Soprano Ok-ja Lim, in Rainer Ganahl's "El Mundo"
In the last hour of yesterday's Sunday stroll through the Lower East Side gallery scene, I stumbled upon a wonderful sub-theme of storefronts and the memories they contain.
Corin Hewitt's "The Third Station" architectural installation at Laurel Gitlen suggests two abandoned storefront facades transformed as funky, dirt encrusted museum-like vitrines. The show feels like a postmortem of a building, the forensic of a facade, in which the the doubling or mirroring of two back-to-back buildings slyly allude to artistic repetition and copying that undermine uniqueness. Encased behind the windows, and presented on columns of pressed dirt, are flattened boxes of HD studio make-up that remind on of fake skin and the merging cycles of life and death.
Rainer Ganahl's "El Mundo" at Kai Matsumiya is a two-projection video presentation based on a classical music concert that took place at El Mundo, a now-defunct discount store that had been functioning in the former Eagle Theater in Spanish Harlem, New York. The concert took place during the discount store's going-out-of-business sale in 2013. As I watched the videos in Ganahl's installation the gallerist noted that 50-years earlier and just a few blocks away Claus Oldenburg had made his legendary Store installation. In December 1961, Oldenburg opened The Store, stocked with items made of painted plaster and chickenwire, in a rented storefront at 107 East Second Street that served as his studio. Writer Jonathon Keats in Forbes called The Store "one of the all-time great Pop Art installations, more subversive even than Andy Warhol's breakthrough exhibition of 32 Campbell's Soup cans in 1962."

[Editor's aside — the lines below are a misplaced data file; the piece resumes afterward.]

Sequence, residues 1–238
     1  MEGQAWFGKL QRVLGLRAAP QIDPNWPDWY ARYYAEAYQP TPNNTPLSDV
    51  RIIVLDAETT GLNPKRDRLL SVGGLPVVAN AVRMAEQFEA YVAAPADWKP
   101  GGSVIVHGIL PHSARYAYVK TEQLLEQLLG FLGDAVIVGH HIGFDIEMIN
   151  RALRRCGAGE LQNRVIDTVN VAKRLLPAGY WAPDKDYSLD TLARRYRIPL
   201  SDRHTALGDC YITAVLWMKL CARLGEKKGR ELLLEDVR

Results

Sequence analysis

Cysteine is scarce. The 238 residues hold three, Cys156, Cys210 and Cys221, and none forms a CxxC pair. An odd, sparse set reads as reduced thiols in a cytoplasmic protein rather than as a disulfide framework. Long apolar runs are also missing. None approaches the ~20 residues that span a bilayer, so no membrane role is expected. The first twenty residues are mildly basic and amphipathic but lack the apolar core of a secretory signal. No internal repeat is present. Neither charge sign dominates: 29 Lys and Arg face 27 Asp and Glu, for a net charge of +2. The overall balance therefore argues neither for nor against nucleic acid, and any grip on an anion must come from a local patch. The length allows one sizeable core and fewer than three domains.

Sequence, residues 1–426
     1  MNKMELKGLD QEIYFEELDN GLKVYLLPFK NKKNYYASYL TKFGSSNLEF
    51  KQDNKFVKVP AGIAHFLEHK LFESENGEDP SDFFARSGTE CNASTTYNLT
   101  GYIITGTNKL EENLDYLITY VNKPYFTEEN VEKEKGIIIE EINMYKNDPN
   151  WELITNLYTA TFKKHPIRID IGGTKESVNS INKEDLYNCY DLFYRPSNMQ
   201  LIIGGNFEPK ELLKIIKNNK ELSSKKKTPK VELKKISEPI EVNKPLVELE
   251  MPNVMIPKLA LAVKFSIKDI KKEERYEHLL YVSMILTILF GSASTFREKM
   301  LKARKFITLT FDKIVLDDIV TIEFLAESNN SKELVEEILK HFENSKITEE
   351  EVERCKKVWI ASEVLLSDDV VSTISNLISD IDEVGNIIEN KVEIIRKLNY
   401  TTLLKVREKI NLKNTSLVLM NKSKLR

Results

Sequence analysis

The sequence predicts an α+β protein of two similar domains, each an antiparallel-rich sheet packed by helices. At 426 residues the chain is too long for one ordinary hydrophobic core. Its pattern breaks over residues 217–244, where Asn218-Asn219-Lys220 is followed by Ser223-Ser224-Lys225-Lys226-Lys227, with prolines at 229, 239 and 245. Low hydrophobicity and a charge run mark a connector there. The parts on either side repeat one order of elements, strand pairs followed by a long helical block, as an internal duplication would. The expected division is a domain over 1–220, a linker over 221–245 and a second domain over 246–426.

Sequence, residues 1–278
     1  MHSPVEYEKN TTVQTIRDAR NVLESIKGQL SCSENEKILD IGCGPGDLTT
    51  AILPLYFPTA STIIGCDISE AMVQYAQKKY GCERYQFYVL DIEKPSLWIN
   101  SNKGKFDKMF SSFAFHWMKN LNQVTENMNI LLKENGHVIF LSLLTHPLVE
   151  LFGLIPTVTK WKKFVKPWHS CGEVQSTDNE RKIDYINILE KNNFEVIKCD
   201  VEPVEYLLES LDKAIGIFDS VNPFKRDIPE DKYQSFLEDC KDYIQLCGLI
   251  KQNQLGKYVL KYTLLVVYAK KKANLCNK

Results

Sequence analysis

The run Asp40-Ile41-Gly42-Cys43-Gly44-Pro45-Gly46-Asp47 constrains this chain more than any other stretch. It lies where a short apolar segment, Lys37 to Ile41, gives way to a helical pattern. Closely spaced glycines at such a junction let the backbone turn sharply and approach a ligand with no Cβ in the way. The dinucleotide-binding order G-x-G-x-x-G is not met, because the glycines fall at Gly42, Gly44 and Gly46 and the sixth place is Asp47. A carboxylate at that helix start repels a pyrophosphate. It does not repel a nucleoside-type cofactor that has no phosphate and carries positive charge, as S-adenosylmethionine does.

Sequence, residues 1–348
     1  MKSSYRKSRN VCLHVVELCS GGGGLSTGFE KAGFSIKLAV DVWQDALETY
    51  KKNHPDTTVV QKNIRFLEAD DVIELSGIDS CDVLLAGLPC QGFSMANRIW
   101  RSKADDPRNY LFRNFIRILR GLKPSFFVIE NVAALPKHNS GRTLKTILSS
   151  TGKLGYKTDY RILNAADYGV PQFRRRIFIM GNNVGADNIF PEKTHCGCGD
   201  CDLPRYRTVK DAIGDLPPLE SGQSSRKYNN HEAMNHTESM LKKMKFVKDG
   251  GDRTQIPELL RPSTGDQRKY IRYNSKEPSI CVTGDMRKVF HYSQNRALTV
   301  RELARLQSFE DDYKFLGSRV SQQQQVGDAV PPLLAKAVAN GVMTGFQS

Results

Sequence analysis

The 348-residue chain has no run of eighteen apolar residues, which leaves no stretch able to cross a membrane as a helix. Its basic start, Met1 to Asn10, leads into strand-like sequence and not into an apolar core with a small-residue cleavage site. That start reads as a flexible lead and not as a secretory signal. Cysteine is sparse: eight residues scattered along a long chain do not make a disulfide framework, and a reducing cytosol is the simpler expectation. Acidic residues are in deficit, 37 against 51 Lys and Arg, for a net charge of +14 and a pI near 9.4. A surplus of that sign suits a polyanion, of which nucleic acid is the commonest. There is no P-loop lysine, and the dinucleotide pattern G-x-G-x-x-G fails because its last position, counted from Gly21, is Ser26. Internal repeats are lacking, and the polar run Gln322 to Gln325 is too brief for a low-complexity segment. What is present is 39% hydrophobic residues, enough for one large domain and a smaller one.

Watching Ganahl's "El Mundo," I was struck by the persistence of artists and the arts. Here I was, watching a video performance staged by a conceptual artist working with professional musicians, sponsored in part by the intrepid non-profit White Columns under the leadership of their inimitable director Matthew Higgs; and as I watched the performance Ganahl's camera panned the ceiling of the defunct Harlem store and I spotted a ceiling a fleur-de-lis and instantly realized that the nearly abandoned Harlem store had once been a show palace. And these wonderful performers were standing in a place that had once been filled with artists of previous generations. Viewing that video in a formerly abandoned storefront in the Lower East Side that was being reclaimed and adapted by artists made me think how cities often come full-circle while artists, constantly in danger of being turfed under, remain unsinkable and ready to reinvent and reinvigorate life.
Installation view, Corin Hewitt's "The Third Station," at Laurel Gitlen
Corin Hewitt's "The Third Station"
Now through May 11
122 Norfolk Street
New York, NY 10002
Hours: Wed-Sun, 11-6
Rainer Ganahl's "El Mundo"
Now through May 24
153 1/2 Stanton Street
New York, NY 10002
Hours: Wed-Sun, 12-6